NOTES AND PLAN: (use these titles for your own notes, to help you make sure that you are including everything you need. You do not need to submit your notes.)



Notes from reading on the low-energy building (always include source, and page number if given on the document)

What was the building for and why was it built the way it was?

What was the energy context of the society?

How does the energy context shape the way the building is designed?

Which materials require high energy intensity and which require large amounts of low-intensity energy? Why was each selected?

Is the building in any respect an energy investment to control existing supplies or gain control of more energy? If so, how? If not, what is it for and how does this relate to the energy economy?


Notes from reading on and visiting the Liverpool building (always include source and page number)

What was the building for and why was it built the way it was?

What was the energy context of the society?

How does the energy context shape the way the building is designed?

Which materials require high energy intensity and which require large amounts of low-intensity energy? Why was each selected?

Is the building in any respect an energy investment to control existing supplies or gain control of more energy? If so, how? If not, what is it for and how does this relate to the energy economy?


Your own analytical thought about the relationship between the two:

In what ways are the two projects similar?

In what ways are they different?

What is the role of energy change in these similarities and differences?

Which of the two buildings took more energy to construct? Is it the more important of the two?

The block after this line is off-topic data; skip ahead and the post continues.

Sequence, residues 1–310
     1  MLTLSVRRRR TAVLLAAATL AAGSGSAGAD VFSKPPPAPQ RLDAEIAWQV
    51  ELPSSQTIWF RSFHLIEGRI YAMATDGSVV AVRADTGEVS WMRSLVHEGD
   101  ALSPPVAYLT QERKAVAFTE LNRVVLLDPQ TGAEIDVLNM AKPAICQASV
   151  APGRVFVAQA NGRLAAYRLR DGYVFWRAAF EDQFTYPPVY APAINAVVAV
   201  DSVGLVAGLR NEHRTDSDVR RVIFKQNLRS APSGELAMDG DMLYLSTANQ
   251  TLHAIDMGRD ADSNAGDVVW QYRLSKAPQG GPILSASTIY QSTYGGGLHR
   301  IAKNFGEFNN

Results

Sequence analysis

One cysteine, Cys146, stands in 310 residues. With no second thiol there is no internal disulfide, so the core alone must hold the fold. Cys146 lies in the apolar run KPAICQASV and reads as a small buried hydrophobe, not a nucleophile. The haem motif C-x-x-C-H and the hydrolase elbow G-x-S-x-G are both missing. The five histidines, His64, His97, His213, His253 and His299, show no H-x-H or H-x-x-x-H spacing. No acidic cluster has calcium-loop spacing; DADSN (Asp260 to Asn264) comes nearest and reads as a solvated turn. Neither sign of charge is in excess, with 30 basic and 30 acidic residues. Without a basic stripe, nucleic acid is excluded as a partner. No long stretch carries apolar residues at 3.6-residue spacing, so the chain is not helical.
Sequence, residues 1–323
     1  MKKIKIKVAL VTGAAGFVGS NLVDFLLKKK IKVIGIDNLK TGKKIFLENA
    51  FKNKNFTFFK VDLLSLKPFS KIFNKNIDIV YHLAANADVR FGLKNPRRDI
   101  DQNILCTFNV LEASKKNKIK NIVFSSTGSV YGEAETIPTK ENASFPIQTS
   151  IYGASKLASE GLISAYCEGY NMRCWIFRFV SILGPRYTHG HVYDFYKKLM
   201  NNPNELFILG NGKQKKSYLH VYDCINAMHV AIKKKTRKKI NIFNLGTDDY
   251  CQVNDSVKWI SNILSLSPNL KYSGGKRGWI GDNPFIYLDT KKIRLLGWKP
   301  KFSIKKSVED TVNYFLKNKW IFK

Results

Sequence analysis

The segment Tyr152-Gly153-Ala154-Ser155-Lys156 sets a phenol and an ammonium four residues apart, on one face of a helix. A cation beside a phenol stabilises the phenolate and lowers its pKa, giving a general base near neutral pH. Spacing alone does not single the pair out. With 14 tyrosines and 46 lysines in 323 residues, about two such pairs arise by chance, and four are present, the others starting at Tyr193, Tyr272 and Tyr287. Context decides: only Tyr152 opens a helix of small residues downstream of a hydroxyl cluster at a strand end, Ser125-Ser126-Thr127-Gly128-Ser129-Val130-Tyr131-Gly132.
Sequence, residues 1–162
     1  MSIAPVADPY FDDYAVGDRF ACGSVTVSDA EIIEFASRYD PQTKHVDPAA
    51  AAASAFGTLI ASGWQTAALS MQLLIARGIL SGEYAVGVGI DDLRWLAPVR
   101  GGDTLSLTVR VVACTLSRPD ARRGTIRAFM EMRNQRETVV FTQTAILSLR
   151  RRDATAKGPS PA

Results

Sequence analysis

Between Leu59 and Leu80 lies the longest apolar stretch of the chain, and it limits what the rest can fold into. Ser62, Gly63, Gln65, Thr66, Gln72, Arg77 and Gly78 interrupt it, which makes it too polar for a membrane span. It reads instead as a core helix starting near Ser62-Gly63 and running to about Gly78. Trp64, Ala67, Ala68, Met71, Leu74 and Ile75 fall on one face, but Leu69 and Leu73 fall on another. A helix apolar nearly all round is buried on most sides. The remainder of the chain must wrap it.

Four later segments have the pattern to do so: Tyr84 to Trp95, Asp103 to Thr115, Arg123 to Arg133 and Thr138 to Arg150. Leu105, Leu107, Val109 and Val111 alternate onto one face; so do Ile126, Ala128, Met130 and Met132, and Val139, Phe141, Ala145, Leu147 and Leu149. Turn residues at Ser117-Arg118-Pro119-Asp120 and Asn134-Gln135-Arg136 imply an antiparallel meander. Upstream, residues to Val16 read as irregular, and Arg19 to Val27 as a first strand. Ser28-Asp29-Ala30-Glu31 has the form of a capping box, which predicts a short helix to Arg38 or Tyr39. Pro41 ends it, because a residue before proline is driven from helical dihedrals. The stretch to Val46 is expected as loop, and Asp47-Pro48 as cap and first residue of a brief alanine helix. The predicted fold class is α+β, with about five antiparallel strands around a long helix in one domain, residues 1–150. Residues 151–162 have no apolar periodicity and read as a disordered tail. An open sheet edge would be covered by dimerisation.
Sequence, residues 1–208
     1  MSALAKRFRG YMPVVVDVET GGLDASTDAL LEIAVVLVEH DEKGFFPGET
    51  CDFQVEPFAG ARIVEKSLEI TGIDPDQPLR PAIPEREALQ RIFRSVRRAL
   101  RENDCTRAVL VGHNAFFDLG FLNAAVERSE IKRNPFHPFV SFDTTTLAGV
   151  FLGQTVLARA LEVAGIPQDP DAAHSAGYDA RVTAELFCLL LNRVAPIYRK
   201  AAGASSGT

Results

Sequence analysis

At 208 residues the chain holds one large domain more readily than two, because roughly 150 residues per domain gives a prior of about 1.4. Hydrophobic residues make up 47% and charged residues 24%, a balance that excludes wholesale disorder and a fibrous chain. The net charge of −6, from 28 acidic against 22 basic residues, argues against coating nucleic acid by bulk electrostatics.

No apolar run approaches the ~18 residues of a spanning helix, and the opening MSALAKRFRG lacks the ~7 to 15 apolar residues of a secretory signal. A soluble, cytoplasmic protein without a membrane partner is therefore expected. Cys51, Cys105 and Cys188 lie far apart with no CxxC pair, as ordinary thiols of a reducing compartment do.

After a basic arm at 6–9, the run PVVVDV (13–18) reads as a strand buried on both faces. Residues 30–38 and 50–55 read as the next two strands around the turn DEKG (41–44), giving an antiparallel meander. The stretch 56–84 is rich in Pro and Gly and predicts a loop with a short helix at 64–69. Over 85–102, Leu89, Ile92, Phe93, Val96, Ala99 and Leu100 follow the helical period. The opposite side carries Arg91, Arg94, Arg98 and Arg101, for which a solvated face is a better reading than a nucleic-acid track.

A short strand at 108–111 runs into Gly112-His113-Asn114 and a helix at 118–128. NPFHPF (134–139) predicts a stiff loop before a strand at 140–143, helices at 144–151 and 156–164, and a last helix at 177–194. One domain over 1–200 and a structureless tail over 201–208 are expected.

Which of the two buildings took more energy to run? Is it the more important of the two?

What factors other than energy change cause these similarities and differences? (And have a careful think about whether any of these factors also has some relationship to energy change)

Your essay plan

Introduction: (give us a very quick sense of the date, function and context of the two buildings, tell us what comparison you are exploring between them, and get us interested with any striking or surprising facts or discoveries you have)


Analysis: this is most of your essay, and you should organise it in a way which suits your analytical findings from reading, looking and thinking.

It is very, very important that your essay should not mainly describe the two buildings. What is needed is a critical discussion of the relationship between the two, and their energy contexts. Only tell us as much about the buildings and their contexts as we need to know in order to follow your argument.

You might want to try one of the following outline structures:

Part 1: similarities between the buildings, and what causes them.

Part 2: differences between the buildings, and what causes them.

Conclusion: summarise these findings in terms of the energy changes between the two.


Or something like this, adapted to your specific topic:

Part 1: Structural and engineering differences and similarities between the two buildings, and the energy changes that bring them about.

Part 2: Aesthetic differences and similarities between the two buildings, and why these might be the case given the different structural systems.

Conclusion: summarise these findings in terms of the relationship between architectural conservatism and underlying energy change


You are not limited to the above structures, but please DO NOT use the following structure which will not encourage critical analysis:

Part 1: the non-Liverpool building

Part 2: the Liverpool building

Conclusion: some attempt to talk about the two together



Summarise what you have found, and if possible add briefly some interesting extra element: some way in which your analysis casts light on your understanding of architecture, or of the present architectural emphasis on sustainability.

Writing and referencing

Word Count: 1700-2000 words

Illustration, referencing, and academic integrity

Illustrate your essay with relevant images which support your argument, and include quotations from the text where relevant. Use of your own diagrams or other illustrations is strongly encouraged. Make clear what the source of your images is (Flickr/own photo/own diagram/diagram from a scholarly article [with reference], etc.)